A Scarborough man has been jailed for two years after threatening to blow up a block of flats during a six-hour stand-off with police.
Ian Ireland, who had had a row with his girlfriend over her alleged infidelity, claimed to have napalm, potassium bombs and an AK47 assault rifle in his New Queen Street flat.
During the stand-off on May 5, Ireland, 32, was seen hanging out of his window with a knife and a hammer and started throwing items, including a television, into the street.
Eventually police and bomb squad officers smashed the flat door off its hinges in the early hours to find that Ireland was drowsy after taking anti-depressant tablets belonging to his girlfriend and drinking heavily.
However, fortunately, police did not uncover any bombs.
After a row in the Wellington pub with his girlfriend, Ireland returned home, threatening to kill himself and harm anyone who approached.
The Recorder of York, Judge Stephen Ashurst, said during Tuesday’s hearing at York Crown Court, that the police, particularly police Sgt Simon Jolly - the first officer of the scene - had shown considerable constraint in winning over Ireland and then dealing with the situation, without injury to anyone, not knowing that his threats were “hollow”.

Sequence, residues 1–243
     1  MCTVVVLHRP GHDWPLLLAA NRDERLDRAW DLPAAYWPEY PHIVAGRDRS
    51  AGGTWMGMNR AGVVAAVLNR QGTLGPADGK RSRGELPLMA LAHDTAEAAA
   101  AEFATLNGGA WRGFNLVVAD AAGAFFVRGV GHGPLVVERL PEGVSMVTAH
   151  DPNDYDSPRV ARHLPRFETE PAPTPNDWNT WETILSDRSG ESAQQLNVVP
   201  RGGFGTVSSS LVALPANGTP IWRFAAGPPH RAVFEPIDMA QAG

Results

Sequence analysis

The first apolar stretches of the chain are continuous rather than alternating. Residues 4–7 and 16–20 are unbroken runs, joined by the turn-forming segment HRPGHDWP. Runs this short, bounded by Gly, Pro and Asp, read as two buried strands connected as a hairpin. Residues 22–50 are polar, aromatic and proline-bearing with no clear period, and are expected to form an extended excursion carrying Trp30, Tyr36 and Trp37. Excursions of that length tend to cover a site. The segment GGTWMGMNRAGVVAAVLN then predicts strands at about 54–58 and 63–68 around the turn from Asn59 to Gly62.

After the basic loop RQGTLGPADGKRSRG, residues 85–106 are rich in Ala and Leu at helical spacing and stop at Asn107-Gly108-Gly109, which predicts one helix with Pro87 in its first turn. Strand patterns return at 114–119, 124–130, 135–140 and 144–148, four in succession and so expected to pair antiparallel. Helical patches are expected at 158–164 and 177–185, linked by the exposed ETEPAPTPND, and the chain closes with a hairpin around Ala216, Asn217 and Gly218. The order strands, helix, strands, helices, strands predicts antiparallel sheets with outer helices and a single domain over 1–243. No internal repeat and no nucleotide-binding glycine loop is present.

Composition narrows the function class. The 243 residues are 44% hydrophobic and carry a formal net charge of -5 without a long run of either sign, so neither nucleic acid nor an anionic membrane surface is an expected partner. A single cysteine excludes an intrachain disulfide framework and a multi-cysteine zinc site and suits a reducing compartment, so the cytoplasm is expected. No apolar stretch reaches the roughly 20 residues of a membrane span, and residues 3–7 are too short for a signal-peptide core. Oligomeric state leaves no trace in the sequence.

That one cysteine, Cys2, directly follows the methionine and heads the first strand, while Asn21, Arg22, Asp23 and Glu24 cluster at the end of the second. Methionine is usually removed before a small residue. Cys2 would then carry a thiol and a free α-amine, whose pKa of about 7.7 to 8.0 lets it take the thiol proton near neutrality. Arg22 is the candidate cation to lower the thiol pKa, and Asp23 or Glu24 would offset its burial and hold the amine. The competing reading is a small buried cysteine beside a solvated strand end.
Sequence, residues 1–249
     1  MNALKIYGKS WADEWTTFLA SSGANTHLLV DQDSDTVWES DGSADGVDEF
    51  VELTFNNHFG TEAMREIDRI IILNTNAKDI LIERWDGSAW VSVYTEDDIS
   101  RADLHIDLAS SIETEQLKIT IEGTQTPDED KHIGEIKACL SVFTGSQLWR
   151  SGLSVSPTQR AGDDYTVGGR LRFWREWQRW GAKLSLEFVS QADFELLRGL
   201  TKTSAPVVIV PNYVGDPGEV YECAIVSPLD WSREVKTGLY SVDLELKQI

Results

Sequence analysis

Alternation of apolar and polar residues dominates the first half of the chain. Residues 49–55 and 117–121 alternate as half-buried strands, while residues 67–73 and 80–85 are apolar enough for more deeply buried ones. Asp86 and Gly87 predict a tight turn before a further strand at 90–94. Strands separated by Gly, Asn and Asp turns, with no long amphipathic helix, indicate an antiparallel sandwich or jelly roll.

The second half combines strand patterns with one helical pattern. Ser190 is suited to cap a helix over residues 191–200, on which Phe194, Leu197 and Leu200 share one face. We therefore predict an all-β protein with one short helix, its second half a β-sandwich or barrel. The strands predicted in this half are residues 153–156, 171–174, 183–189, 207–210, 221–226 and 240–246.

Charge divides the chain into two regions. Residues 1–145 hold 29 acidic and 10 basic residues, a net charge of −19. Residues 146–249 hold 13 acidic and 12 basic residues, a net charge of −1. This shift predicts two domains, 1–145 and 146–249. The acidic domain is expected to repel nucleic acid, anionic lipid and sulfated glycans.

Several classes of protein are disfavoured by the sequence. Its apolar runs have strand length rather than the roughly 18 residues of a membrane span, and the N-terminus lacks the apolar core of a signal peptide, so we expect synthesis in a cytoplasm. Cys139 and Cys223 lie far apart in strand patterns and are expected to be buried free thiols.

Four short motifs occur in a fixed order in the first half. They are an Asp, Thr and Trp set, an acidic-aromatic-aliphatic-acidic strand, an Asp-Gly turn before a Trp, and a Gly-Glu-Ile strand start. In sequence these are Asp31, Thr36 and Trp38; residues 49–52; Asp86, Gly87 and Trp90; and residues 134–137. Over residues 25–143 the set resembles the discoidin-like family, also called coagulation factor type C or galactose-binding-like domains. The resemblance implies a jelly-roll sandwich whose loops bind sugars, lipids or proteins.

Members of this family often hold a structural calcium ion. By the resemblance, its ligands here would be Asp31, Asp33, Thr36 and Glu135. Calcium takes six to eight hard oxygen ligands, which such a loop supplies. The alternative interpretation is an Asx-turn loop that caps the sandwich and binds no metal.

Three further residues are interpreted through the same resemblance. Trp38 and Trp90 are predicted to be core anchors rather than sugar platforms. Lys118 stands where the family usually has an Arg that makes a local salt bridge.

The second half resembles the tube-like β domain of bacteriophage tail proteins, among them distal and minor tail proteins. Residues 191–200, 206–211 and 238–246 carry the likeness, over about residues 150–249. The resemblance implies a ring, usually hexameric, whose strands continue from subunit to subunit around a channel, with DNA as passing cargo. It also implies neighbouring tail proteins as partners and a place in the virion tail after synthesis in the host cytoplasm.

Describing Ireland’s actions as “alarming”, the judge heard that he had a long record of offending in different parts of the country, including public order offences, violence and assaulting police officers.
After he was arrested, Ireland was to tell the police that he was not himself when drunk and that he had in the past been shot with a rubber bullet by police and “sent off to the nut house” - such an incident not appearing on his criminal record, but being believed to have been dealt with by other methods.
Glenn Parsons, mitigating, said that his client, who later told a probation officer that he had “gone berserk”, had admitted the charge of affray and two counts of criminal damage at the earliest opportunity.
He added that no injury had been sustained by anyone in the stand-off and that his client was determined to re-train whist in custody and return to the London area to find work.
The judge said that he was sure that after “drying out” Ireland had come to realise the seriousness of his actions on the day in question.